If a shy koi has something to go inside like those little castles, for example, they will back up into them when something seems awry. Or maybe it’s swim bladder disease.

The Sordid Swim Bladder Disease?

Bony fish, koi included, have an organ called a swim bladder. It is responsible for regulating the buoyancy in a koi carps body to keep it at a certain depth in a body of water. Knowing this, you probably know if it goes off kilter you will see koi floating or sinking to the pond bottom.

Swim Bladder Diseases Likely Culprit

Koi like to eat a lot. Unfortunately, overeating is the leading cause of this swim bladder disease stuff. What happens is fish gobble down food and gulp a lot of air when feeding at the surface. Koi gobble down pellets like crazy and expand as water comes into contact with it. These expanded pellets get to the digestive tract and cause constipation, which also puts excessive pressure on the swim bladder as well. That is how swim bladder disease is often incurred.

Water temperature changes can also cause problems with the swim bladder. Fish may have problems swimming in the fall and winter because of physiological changes that take place. Cooler temperatures mean slower digestion of food for koi fish. Digesting protein is the hardest when it’s cold. This buildup of undigested food can cause the intestine to become engorged.

Stressful Swimming

Stressed Fish


Anything that causes stress for your fish will affect its swimming pattern. Things like overpopulation, dirty water, change of habitat, or a change of routine can cause this anxiety. Signs of this anxiety are things such as:

  • Poor appetite


  • Gasping for air at the surface


  • Disease. White spots, called Ich, on your koi fishes body


  • Rubbing themselves on rocks or other hard surfaces

Swimming erratically in weird patterns can be an alarming occurrence. If these symptoms listed above are happening for your fishy friends then it’s a good idea to consult an expert vet to find out what your next move should be. They should be able to get your koi back upright.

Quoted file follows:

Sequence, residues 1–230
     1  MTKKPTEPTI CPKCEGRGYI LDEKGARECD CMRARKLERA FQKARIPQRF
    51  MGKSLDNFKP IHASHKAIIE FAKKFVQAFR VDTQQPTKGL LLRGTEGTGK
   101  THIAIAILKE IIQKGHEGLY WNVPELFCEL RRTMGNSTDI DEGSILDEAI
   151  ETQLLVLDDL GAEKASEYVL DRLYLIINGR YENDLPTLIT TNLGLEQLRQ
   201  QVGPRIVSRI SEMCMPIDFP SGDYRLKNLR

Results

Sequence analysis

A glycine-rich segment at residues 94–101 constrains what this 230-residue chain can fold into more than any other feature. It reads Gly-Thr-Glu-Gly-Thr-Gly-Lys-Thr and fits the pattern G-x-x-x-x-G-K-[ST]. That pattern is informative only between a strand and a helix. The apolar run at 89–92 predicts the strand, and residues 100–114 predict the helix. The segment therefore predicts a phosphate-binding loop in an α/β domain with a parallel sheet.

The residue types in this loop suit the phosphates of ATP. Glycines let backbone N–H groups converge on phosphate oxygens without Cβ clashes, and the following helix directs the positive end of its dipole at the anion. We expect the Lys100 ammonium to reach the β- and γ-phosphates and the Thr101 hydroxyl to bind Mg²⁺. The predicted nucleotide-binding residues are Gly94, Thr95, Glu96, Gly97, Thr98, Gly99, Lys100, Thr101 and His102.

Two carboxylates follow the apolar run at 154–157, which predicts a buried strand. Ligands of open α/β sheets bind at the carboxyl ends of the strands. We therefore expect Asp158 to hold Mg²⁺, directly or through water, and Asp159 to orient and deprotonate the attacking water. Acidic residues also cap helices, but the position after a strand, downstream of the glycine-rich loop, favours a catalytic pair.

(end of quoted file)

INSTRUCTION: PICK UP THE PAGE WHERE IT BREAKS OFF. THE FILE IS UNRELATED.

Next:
Fish Not Hungry?

A poor appetite affects a fish’s behavior if it isn’t getting the sustenance it needs. Stress affects koi just like it does us. They won’t eat. This being said, a koi not eating much might not be cause for alarm. Why? Because koi don’t really have a regular feeding schedule. 

A koi’s appetite depends on many factors. Water temperature is one of those factors. Do you eat the same amount in the Winter as you do in the Summer? No! In fact, koi are hibernators in the Winter and if it’s cold enough they won’t eat hardly at all. In the Summer though it’s a different story. They are ready to eat in the warm Summer days.

If your koi aren’t eating on a warm, sunny, summer day and your koi carp are swimming crazily sideways, upside down, or backward stress might be to blame. Check with your vet.

No Air. No Air.

When I was young I used to keep goldfish. My parents bought me a bowl to keep them in. We weren’t very knowledgable about them. Anyway, I came home from school often to learn my goldfish jumped out of the bowl. What I believe was happening is they were suffocating and getting carried away with going to the surface and accidentally jumping the bowl. I eventually gave up goldfish.